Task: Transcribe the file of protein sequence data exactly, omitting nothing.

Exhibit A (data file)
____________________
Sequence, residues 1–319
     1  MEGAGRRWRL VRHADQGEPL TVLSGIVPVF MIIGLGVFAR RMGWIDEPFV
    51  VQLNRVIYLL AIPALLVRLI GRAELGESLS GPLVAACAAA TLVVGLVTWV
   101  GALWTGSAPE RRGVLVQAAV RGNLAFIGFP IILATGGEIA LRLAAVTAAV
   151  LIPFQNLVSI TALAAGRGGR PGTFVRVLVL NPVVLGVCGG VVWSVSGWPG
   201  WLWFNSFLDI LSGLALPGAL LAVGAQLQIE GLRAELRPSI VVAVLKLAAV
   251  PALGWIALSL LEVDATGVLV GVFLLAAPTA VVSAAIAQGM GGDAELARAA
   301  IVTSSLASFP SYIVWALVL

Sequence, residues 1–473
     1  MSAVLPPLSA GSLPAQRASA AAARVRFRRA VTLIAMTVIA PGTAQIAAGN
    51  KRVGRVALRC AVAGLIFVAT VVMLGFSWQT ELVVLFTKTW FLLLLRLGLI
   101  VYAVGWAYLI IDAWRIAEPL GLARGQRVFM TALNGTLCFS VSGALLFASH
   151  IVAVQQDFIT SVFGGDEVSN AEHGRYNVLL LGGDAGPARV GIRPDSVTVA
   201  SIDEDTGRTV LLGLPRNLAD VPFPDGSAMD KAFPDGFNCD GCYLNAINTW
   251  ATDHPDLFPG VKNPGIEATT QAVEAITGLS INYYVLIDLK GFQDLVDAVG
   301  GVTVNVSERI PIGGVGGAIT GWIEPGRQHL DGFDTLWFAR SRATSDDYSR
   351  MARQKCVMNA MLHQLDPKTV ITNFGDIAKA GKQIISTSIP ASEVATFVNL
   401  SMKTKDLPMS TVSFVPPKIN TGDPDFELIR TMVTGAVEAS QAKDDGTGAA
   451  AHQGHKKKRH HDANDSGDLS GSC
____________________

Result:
Sequence, residues 1–319
     1  MEGAGRRWRL VRHADQGEPL TVLSGIVPVF MIIGLGVFAR RMGWIDEPFV
    51  VQLNRVIYLL AIPALLVRLI GRAELGESLS GPLVAACAAA TLVVGLVTWV
   101  GALWTGSAPE RRGVLVQAAV RGNLAFIGFP IILATGGEIA LRLAAVTAAV
   151  LIPFQNLVSI TALAAGRGGR PGTFVRVLVL NPVVLGVCGG VVWSVSGWPG
   201  WLWFNSFLDI LSGLALPGAL LAVGAQLQIE GLRAELRPSI VVAVLKLAAV
   251  PALGWIALSL LEVDATGVLV GVFLLAAPTA VVSAAIAQGM GGDAELARAA
   301  IVTSSLASFP SYIVWALVL

Sequence, residues 1–473
     1  MSAVLPPLSA GSLPAQRASA AAARVRFRRA VTLIAMTVIA PGTAQIAAGN
    51  KRVGRVALRC AVAGLIFVAT VVMLGFSWQT ELVVLFTKTW FLLLLRLGLI
   101  VYAVGWAYLI IDAWRIAEPL GLARGQRVFM TALNGTLCFS VSGALLFASH
   151  IVAVQQDFIT SVFGGDEVSN AEHGRYNVLL LGGDAGPARV GIRPDSVTVA
   201  SIDEDTGRTV LLGLPRNLAD VPFPDGSAMD KAFPDGFNCD GCYLNAINTW
   251  ATDHPDLFPG VKNPGIEATT QAVEAITGLS INYYVLIDLK GFQDLVDAVG
   301  GVTVNVSERI PIGGVGGAIT GWIEPGRQHL DGFDTLWFAR SRATSDDYSR
   351  MARQKCVMNA MLHQLDPKTV ITNFGDIAKA GKQIISTSIP ASEVATFVNL
   401  SMKTKDLPMS TVSFVPPKIN TGDPDFELIR TMVTGAVEAS QAKDDGTGAA
   451  AHQGHKKKRH HDANDSGDLS GSC